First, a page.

Sick people often have fancies inscrutable to ordinary attendants, and Caroline had one which even her tender nurse could not at first explain. On a certain day in the week, at a certain hour, she would—whether worse or better—entreat to be taken up and dressed, and suffered to sit in her chair near the window. This station she would retain till noon was past: whatever degree of exhaustion or debility her wan aspect betrayed, she still softly put off all persuasion to seek repose until the church-clock had duly tolled mid-day: the twelve strokes sounded, she grew docile, and would meekly lie down. Returned to the couch, she usually buried her face deep in the pillow, and drew the coverlets close round her, as if to shut out the world and sun, of which she was tired; more than once, as she thus lay, a slight convulsion shook the sick-bed, and a faint sob broke the silence round it. These things were not unnoted by Mrs. Pryor.

One Tuesday morning, as usual, she had asked leave to rise, and now she sat wrapped in her white dressing-gown, leaning forward in the easy-chair, gazing steadily and patiently from the lattice. Mrs. Pryor was seated a little behind, knitting as it seemed, but, in truth watching her. A change crossed her pale mournful brow, animating its languor: a light shot into her faded eyes, reviving their lustre; she half rose and looked earnestly out. Mrs. Pryor, drawing softly near, glanced over her shoulder. From this window was visible the churchyard, beyond it the road, and there, riding sharply by, appeared a horseman. The figure was not yet too remote for recognition; Mrs. Pryor had long sight; she knew Mr. Moore. Just as an intercepting rising ground concealed him from view, the clock struck twelve.

‘May I lie down again?’ asked Caroline.

Her nurse assisted her to bed; having laid her down and drawn the curtain, she stood listening near. The little couch trembled, the suppressed sob stirred the air. A contraction as of anguish altered Mrs. Pryor’s features; she wrung her hands; half a groan escaped her lips. She now remembered that Tuesday was Whinbury market-day; Mr. Moore must always pass the Rectory on his way thither, just ere noon of that day.

Caroline wore continually round her neck a slender braid of silk, attached to which was some trinket. Mrs. Pryor had seen the bit of gold glisten, but had not yet obtained a fair view of it. Her patient never parted with it; when dressed it was hidden in her bosom; as she lay in bed she always held it in her hand.

That Tuesday afternoon the transient doze—more like lethargy than sleep—which sometimes abridged the long days had stolen over her; the weather was hot; while turning in febrile restlessness, she had pushed the coverlets a little aside; Mrs. Pryor bent to replace them: the small, wasted hand, lying nerveless on the sick girl’s breast, clasped as usual her jealously-guarded treasure: those fingers whose attenuation it gave pain to see, were now relaxed in sleep. Mrs. Pryor gently disengaged the braid, drawing out a tiny locket—a slight thing it was, such as it suited her small purse to purchase; under its crystal face appeared a curl of black hair—too short and crisp to have been severed from a female head.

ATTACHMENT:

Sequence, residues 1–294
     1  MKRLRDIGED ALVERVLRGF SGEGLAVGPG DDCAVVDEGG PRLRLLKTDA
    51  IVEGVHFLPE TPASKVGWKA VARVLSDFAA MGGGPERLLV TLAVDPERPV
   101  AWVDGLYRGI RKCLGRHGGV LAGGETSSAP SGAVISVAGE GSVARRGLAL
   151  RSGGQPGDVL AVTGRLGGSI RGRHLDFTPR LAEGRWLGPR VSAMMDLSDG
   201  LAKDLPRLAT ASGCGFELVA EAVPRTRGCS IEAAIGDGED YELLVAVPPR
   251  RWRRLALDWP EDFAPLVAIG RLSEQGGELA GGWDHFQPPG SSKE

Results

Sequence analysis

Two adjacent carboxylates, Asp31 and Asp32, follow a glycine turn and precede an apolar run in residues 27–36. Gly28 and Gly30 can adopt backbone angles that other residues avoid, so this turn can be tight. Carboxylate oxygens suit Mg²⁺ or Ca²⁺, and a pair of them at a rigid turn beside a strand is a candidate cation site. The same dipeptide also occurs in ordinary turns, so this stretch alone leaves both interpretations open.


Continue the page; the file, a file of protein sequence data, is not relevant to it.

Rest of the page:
Some agitated movement occasioned a twitch of the silken chain: the sleeper started and woke. Her thoughts were usually now somewhat scattered on waking; her look generally wandering. Half rising, as if in terror, she exclaimed:

‘Don’t take it from me, Robert! Don’t! It is my last comfort—let me keep it. I never tell anyone whose hair it is—I never show it.’

Mrs. Pryor had already disappeared behind the curtain; reclining far back in a deep armchair by the bedside, she was withdrawn from view. Caroline looked abroad into the chamber; she thought it empty. As her stray ideas returned slowly, each folding its weak wings on the mind’s sad shore, like birds exhausted—beholding void, and perceiving silence round her, she believed herself alone. Collected she was not yet; perhaps healthy self-possession and self-control were to be hers no more; perhaps that world the strong and prosperous live in had already rolled from beneath her feet for ever; so, at least, it often seemed to herself. In health, she had never been accustomed to think aloud; but now words escaped her lips unawares.

  By PanEris using Melati.

Previous chapter/page Back Home Email this Search Discuss Bookmark Next chapter/page
Copyright: All texts on Bibliomania are © Ltd, and may not be reproduced in any form without our written permission. See our FAQ for more details.